Business Standard

‘No significan­t nervousnes­s among investors’

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As the markets enter a new financial year, investors are waiting for the results of general elections and policies that a new government will unveil. SAION MUKHERJEE, managing director & head of equity research, India, Nomura, told Puneet Wadhwa in Mumbai that “sticky inflation” and delay in rate cuts by the US Federal Reserve could emerge as concerns. Edited excerpts:

There are expectatio­ns of a harsh summer this time around. Are equity investors, too, likely to sweat in the markets in 2024?

It is going to be a harsh summer literally as predicted by the India Meteorolog­ical Department. We will also be in the midst of general elections, which will heat up things further. Sticky inflation and delay in rate cuts by the US Federal Reserve can emerge as a concern for the markets. Though delayed, the market is still assuming a soft landing. A narrative towards ‘no landing’ will be negative for the markets. Volatility is expected to rise — a bottomup and stock-specific approach is recommende­d.

What are your views on small and midcaps?

At the index level (Nifty), the markets have done okay compared to other emerging markets (EMS). Of course, the developed markets (DMS) have outperform­ed EM so far this year. The nervousnes­s, if at all, to an extent is in the smallcap space where valuations were high. Even there we have seen a rally from the recent lows and the index now is flat YTD (year to date). We don’t sense any significan­t nervousnes­s among investors at the moment.

When will foreign money chase Indian markets with ‘animal spirits’?

FII (foreign institutio­nal investors) flows were little soft earlier in the year, but there was a pick-up in March.

FII flows could accelerate sometime later in the year, as the Fed rate cut cycle starts (we expect first cut in

July 2024) and soft landing narrative gains strength. Also, the political uncertaint­y will be behind us by then. With growth remaining strong, an out-of-turn policy rate cut by the RBI (Reserve Bank of India) is not expected. We expect the RBI to cut rates starting August 2024.

Two of the biggest global economies, the US and India, go into polls in 2024. Will the policy landscape eventually define equity markets and fund flows in the next 12-18 months?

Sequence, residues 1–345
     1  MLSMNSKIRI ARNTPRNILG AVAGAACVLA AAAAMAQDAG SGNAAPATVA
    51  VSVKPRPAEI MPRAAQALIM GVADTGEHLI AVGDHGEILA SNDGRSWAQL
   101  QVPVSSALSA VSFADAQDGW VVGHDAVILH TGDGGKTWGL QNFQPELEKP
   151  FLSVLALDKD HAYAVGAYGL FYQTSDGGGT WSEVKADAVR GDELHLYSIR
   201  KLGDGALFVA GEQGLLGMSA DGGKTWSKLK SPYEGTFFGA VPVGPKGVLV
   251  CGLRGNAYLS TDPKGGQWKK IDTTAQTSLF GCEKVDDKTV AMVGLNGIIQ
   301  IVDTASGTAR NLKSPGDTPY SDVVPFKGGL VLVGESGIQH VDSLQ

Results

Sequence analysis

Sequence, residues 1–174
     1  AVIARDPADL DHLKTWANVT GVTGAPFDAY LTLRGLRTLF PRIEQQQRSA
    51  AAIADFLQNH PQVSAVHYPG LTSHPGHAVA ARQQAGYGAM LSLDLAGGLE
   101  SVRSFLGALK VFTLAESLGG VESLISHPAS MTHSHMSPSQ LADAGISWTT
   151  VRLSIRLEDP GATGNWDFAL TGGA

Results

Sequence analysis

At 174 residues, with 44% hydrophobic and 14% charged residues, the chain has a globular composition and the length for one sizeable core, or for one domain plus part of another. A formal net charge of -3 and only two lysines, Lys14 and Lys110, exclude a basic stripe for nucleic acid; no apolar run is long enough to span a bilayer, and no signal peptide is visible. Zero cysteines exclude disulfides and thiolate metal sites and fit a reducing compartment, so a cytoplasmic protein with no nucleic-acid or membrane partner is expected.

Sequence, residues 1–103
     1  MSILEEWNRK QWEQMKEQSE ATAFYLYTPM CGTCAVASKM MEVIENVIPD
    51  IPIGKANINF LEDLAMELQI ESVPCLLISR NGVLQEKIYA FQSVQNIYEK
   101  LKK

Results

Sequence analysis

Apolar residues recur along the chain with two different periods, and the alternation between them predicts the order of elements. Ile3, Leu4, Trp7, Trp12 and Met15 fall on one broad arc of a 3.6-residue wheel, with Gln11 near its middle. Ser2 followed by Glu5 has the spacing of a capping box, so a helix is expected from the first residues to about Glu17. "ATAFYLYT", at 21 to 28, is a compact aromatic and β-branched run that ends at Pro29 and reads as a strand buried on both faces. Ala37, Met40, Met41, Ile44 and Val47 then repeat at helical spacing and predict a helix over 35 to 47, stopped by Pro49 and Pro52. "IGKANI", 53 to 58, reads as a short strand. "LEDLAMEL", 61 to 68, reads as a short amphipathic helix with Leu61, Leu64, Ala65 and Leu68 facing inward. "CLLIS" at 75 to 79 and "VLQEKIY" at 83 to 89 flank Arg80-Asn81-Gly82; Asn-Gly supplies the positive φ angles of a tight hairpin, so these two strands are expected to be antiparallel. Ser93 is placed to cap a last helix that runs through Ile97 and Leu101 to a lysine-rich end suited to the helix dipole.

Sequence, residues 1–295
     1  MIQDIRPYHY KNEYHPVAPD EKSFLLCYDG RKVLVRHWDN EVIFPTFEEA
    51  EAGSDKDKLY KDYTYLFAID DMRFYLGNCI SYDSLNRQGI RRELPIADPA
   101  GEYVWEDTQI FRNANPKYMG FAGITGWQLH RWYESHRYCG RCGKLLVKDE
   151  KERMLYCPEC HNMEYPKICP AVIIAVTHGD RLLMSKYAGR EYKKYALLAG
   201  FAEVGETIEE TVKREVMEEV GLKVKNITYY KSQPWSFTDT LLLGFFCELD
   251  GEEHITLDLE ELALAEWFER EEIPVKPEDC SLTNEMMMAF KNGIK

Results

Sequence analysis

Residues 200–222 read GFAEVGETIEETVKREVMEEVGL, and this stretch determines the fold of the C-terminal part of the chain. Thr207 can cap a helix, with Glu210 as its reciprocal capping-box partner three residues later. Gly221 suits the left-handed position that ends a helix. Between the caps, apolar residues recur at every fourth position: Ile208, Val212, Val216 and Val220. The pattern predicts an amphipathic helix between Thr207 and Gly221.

The policy landscape can have a bearing on the markets. For India, the market expectatio­n is that the National Democratic Alliance (NDA) government will return to power and there will be policy continuity. This would imply continued focus on manufactur­ing and investment-led growth. This expectatio­n is largely priced in. A weak majority or in the worst case, a loss for NDA, can lead to material policy uncertaint­y and adversely impact the current market sentiment.

In the US, a Trump win would lead to return of trade protection­ism and reflationa­ry macro policies (low interest rates and fiscal expansion). The economic impact for India may be limited, and India will likely benefit from supply chain shifts. However, policies may lead to concern on sustainabi­lity of US fiscal, which can be negative for the markets.

How do you see corporate earnings play out in FY25?

We think the corporate earnings in aggregate have beaten street expectatio­ns in the recent past. For instance, for the quarter ending December 2023, we estimate that aggregate corporate earnings of over 200 companies that we track were 4 per cent ahead of the street's expectatio­ns, and that led to 1-3 per cent earnings upgrade for FY25/26.

The strength in corporate earnings in the recent past is driven by improvemen­t in profit margins. Better pricing and lower costs benefited earnings. For most sectors, expectatio­ns of profit margin are elevated compared to long-term averages. Therefore, the earnings growth going forward is largely dependent on topline growth and margin levers are limited. Slowdown in top line growth and rise on costs (oil price etc.) is a cause of concern. Such expectatio­ns are mostly factored into current estimates, as the street is expecting growth to slow to around 12-13 per cent in FY25 versus 28 per cent growth likely in FY24.


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